Zanele kaMagwaza-Msibi, leader of the National Freedom Party. Picture: RAJESH JANTILAL
Zanele kaMagwaza-Msibi, leader of the National Freedom Party. Picture: RAJESH JANTILAL

NATIONAL Freedom Party leader Zanele KaMagwaza-Msibi said on Thursday that her party would surprise many by gaining votes in all nine provinces in this year’s general elections.

The NFP will on Sunday celebrate its third anniversary with a mass rally at Durban’s Curries Fountain Stadium where it will also reveal its election manifesto.

"We will be fielding premier candidates in all nine provinces and a presidential candidate," Ms KaMagwaza-Msibi said. "Our election lists have people with strong community and leadership background."

Ms KaMagwaza-Msibi split from the Inkatha Freedom Party — where she was the party’s first chairwoman — after a dispute with IFP leader Prince Mangosuthu Buthelezi.

The NFP will be contesting national elections for the first time since its formation. It was only three months old when it attracted 1.2-million voters, mainly in the KwaZulu-Natal hinterland, in the 2011 local government elections.

The party then formed a coalition with the African National Congress to co-govern 19 hung municipalities in the province.

This marriage mostly ended on the rocks, however, leading many NFP councillors to defy their party leadership and work with the IFP to oust ANC leaders in various municipalities.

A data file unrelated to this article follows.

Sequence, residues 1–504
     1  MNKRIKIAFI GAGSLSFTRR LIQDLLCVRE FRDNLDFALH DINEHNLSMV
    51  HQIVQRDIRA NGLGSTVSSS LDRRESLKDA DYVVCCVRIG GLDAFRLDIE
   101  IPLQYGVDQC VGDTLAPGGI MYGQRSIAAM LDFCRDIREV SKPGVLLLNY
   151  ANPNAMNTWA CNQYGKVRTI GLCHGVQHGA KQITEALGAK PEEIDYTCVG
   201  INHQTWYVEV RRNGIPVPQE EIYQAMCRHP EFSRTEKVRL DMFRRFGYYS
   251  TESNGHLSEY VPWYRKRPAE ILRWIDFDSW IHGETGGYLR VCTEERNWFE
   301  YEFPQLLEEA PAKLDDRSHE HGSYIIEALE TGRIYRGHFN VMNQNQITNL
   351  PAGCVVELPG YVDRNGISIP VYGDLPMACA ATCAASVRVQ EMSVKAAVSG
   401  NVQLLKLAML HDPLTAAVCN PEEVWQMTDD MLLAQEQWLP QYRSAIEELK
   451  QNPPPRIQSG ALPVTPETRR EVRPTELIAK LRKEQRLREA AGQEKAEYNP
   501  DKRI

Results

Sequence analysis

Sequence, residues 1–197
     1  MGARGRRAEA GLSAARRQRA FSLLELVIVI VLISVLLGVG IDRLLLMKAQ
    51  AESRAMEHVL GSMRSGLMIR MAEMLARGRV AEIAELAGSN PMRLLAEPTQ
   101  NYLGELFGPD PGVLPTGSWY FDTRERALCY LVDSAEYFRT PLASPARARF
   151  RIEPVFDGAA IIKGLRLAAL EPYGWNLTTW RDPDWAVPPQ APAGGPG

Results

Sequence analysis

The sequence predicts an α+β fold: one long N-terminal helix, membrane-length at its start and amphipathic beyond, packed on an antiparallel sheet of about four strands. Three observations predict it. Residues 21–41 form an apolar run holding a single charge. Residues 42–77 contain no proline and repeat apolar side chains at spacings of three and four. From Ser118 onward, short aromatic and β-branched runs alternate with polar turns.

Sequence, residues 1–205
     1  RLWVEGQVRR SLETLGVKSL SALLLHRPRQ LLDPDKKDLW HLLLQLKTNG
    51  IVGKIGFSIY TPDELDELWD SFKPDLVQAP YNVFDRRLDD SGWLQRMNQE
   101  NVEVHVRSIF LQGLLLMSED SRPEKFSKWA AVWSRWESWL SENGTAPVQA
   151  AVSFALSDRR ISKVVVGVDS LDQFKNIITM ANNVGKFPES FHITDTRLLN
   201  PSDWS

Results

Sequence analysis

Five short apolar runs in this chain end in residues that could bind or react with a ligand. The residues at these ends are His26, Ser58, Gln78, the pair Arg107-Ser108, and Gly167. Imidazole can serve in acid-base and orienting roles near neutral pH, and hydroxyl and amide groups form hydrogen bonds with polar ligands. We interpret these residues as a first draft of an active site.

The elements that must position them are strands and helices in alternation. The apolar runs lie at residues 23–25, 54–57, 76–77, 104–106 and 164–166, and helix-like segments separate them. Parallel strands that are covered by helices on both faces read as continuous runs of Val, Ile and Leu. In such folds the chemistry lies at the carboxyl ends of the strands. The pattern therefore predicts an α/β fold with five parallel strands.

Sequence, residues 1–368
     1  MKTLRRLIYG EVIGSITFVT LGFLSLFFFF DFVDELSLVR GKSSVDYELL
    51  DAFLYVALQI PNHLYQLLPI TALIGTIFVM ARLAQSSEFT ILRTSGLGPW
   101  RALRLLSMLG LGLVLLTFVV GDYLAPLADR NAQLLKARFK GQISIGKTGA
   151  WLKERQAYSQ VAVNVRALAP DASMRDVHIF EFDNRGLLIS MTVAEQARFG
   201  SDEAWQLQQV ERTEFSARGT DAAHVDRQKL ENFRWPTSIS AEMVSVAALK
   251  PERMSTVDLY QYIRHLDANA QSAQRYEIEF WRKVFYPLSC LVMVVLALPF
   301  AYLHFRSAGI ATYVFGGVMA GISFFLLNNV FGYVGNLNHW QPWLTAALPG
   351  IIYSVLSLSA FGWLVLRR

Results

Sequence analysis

Ms KaMagwaza-Msibi said that problem had now been nipped in the bud and the NFP was again united.

"In the past few months and weeks, we have crisscrossed the country and various areas of KwaZulu-Natal to mobilise communities to go out and vote for us," she said.

"People have told us that they want change, they want alternative government. People on the ground have expressed deep disappointment in the performance of the present government that failed to meet reasonable expectations. They show this by through widespread service delivery protests."

Zakhele Ndlovu, a Durban-based political analyst and senior political lecturer at the University of KwaZulu-Natal, said the NFP’s novelty value had diminished.

"I don’t think they will do as well as they did in 2011," Mr Ndlovu said. "The NFP, like all other political parties, is experiencing growing pains.

"In the province its best performance could be to take third spot after the ANC and the IFP. Nationally, I don’t see them doing well at all."